Close

Support Global Voices

To stay independent, free, and sustainable, our community needs the help of friends and readers like you.

Donate now »

See all those languages up there? We translate Global Voices stories to make the world's citizen media available to everyone.

Learn more about Lingua Translation  »

Tet in Viet Nam


Fanning the Lions” by iamblueone (taken at a Tet celebration in San Diego)

Tet – Lunar New Year in Viet Nam – is the most important festival tradition, observed by all Vietnamese, even those abroad. Every family in Viet Nam, whether they have money or not still tries to buy traditional goods such as flowers, sweets and square ricecakes for this special occasion.

A few bloggers around the country are posting their perceptions on the lead up to the Year of the Dog. Royby, a blogger from Ho Chi Minh city mentions that Tet should bring good luck and prosperity for the following year if…your house is overflowing with food, drink

In my blog, I write that the western New Year festival is not the most important for the Vietnamese; the lunar New Year is the one that every Vietnamese celebrates. The preparation for Tet is chaotic, with shopping being the number one priority. Some Hanoians travel as far as Lang Son, on the Viet nam-China border for supplies where goods are dirt cheap and , of course, made in China. Virtual-Doug, an American blogger currently living in Hue, watches as walls are painted and houses are cleaned in preparation for Tet. There is always a race on for builders to finish all construction work before the end of the year to ensure good luck for the occupants.

For a Vietnamese like me, currently living away from home, seeing everyone preparing their houses, shopping for their children and themselves makes me happy with anticipation. The Vietnamese goverment has banned the use of fire crackers, which is sensible as the injury and death associated with them no longer occurs. However, the local authorities in the big cities do organise official fireworks displays which are attended by thousands of families who want to see in the New Year with a bang!

Tet at Night by Vietnamese God
‘Tet’ by Vietnamese God

8 comments

  • […] Blogs all around East and Southeast Asia have gone grey this past weekend as many, particularly those in the overseas Chinese community, celebrate the Lunar New Year. As part of Global Voices Online’s continuing celebration of the arrival of the Year of the Dog, here’s a quick sampling of celebratory posts around the Asian region, outside China, Vietnam and Malaysia: […]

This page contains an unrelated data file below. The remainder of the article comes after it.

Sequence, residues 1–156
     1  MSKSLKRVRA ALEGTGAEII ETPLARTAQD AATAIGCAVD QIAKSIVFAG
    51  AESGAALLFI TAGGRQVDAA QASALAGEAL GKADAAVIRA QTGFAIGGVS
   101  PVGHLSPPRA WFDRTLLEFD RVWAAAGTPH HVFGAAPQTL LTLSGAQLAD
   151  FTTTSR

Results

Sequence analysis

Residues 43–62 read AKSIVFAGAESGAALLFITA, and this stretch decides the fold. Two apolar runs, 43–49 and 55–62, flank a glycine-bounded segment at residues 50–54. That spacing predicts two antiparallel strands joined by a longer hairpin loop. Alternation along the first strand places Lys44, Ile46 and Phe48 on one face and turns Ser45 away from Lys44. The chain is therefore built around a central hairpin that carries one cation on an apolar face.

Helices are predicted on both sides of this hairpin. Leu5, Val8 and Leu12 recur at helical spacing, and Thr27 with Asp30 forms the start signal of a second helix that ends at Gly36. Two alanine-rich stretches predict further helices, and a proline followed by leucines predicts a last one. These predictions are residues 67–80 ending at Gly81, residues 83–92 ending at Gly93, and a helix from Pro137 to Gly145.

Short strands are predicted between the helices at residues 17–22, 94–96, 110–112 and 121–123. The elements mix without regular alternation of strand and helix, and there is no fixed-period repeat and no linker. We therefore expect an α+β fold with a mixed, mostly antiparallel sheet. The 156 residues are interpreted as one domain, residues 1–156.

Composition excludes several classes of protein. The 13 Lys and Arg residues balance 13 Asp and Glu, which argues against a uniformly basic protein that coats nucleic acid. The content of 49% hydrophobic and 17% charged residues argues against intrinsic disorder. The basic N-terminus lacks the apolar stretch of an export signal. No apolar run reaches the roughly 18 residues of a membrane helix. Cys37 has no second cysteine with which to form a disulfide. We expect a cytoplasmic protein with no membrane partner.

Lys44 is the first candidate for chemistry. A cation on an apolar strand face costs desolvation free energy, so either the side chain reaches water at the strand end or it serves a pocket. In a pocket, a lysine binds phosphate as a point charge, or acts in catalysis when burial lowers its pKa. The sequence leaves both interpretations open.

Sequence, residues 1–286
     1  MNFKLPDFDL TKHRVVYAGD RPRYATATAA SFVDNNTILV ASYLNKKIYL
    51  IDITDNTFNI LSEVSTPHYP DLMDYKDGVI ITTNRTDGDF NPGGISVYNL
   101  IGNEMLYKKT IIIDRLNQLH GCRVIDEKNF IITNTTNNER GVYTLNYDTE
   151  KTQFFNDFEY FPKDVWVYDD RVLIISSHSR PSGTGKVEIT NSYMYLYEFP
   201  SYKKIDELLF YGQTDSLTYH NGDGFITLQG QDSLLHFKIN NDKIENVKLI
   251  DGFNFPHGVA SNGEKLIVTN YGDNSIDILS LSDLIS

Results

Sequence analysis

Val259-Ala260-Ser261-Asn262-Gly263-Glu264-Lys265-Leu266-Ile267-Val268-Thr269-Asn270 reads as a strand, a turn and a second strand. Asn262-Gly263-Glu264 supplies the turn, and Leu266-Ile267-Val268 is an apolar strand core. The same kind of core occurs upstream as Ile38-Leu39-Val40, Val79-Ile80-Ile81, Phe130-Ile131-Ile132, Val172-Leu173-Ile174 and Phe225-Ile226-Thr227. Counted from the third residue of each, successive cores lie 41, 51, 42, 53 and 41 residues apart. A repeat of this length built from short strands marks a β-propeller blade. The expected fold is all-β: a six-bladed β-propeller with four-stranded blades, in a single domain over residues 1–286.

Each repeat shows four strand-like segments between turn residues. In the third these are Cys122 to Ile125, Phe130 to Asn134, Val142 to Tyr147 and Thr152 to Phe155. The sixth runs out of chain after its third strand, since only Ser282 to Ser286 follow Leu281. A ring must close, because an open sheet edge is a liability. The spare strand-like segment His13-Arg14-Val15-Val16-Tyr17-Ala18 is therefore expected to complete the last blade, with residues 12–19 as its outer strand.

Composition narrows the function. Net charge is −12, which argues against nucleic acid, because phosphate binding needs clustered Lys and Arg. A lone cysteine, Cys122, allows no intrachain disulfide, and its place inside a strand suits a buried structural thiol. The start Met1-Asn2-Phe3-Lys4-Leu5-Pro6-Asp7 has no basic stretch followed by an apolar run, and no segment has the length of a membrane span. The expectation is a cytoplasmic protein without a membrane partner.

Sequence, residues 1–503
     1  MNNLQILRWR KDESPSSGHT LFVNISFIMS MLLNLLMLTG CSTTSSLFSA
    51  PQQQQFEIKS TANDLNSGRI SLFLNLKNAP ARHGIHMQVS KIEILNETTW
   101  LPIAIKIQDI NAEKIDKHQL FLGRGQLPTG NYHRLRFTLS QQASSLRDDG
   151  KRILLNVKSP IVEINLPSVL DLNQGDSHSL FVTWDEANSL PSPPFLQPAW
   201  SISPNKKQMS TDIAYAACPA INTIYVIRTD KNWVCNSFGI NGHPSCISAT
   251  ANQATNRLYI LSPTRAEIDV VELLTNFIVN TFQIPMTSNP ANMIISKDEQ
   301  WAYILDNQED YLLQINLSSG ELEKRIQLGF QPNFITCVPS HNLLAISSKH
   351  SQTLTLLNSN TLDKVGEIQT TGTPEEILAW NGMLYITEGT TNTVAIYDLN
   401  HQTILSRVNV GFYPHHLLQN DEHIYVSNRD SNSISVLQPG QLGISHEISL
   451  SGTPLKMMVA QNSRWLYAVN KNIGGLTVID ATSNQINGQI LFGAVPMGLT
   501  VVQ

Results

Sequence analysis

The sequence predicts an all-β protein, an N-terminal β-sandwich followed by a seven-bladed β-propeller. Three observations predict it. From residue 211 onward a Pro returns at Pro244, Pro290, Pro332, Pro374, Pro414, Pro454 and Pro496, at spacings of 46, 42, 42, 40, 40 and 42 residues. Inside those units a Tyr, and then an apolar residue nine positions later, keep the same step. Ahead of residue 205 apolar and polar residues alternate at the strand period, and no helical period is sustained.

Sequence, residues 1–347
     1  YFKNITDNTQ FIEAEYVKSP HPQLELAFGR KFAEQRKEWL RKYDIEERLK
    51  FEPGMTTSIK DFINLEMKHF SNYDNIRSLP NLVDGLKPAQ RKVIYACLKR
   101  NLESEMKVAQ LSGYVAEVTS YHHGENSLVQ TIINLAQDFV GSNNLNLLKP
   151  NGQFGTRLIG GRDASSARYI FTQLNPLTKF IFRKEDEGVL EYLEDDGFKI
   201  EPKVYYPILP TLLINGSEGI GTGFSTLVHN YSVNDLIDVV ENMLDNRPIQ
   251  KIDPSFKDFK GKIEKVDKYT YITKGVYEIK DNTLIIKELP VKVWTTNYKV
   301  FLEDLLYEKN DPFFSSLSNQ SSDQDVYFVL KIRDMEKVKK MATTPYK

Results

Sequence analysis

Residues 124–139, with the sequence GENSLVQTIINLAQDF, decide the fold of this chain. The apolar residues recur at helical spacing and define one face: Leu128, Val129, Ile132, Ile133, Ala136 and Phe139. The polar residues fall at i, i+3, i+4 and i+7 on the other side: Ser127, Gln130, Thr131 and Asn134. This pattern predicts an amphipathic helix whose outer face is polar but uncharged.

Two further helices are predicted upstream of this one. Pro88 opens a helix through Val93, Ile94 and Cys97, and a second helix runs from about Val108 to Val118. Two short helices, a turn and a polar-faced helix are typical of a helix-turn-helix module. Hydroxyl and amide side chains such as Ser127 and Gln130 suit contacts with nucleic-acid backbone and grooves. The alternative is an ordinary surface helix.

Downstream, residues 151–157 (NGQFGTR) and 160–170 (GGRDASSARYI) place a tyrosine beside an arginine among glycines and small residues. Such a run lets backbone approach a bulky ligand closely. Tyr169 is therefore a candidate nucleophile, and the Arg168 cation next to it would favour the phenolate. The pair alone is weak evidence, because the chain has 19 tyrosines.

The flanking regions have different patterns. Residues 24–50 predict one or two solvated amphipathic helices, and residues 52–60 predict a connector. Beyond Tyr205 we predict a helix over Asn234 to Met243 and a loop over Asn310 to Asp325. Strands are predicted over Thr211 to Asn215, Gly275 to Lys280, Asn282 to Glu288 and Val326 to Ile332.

• […] Global Voices has a good wrapup of Chinese New Year (and Tet). […]

  • leh

    I am in the US. I would like to do something small for two young (20ish) girls I met who can not go home to Vietnam to be with their family this year for the holiday. Is there something I could get/make/buy that would be appropriate? Thank you.

  • Sundar

    I am from India and am likely to come to Vietnam on transfer. I want to know if there are temples in Vietnam and also like to know if there are many indians in vietnam in Hanoi. Are there colonies where Indians stay. Would like to know please.

  • mahi

    I want to know about Indian poulation in vietnam especially in hanoi. Amongs Indian would like to know specifically about jain community, are there jain temples, colonies etc. Is veg food very costly and readily available?
    How are medical facilities?

  • Murugu

    Hi,

    I am murugu. I am an Indian from Malaysia. Soon, I will be coming over to Hanoi for a project. Would like to make friends with some Indians over there. Would like more information about Indian food, lifestyle etc there

    Please contact me pmurugu@yahoo.com

    Thanks.

    Cheers

    • arthi

      hi
      we are moving to hanoi next month can i know the basic things i shld bring and would like to know ther is any indian community in hanoi

      • Sundar

        I am from India and have been in Hanoi for the last 2 years. As I am a vegetarian, I had to bring some foodstuff. But otherwise everything else is available here. Hanoi is a good place to be in. There are Indian hotels here. There is an Indian community here. If you get in touch with the Indian embassy or with the Indian Chamber of commerce, you can make contact with the Indian community. Good luck !

Cancel this reply

Join the conversation -> Sundar

Authors, please log in »

Guidelines

  • All comments are reviewed by a moderator. Do not submit your comment more than once or it may be identified as spam.
  • Please treat others with respect. Comments containing hate speech, obscenity, and personal attacks will not be approved.

Receive great stories from around the world directly in your inbox.

Sign up to receive the best of Global Voices!

Submitted addresses will be confirmed by email, and used only to keep you up to date about Global Voices and our mission. See our Privacy Policy for details.

Newsletter powered by Mailchimp (Privacy Policy and Terms).

* = required field
Email Frequency



No thanks, show me the site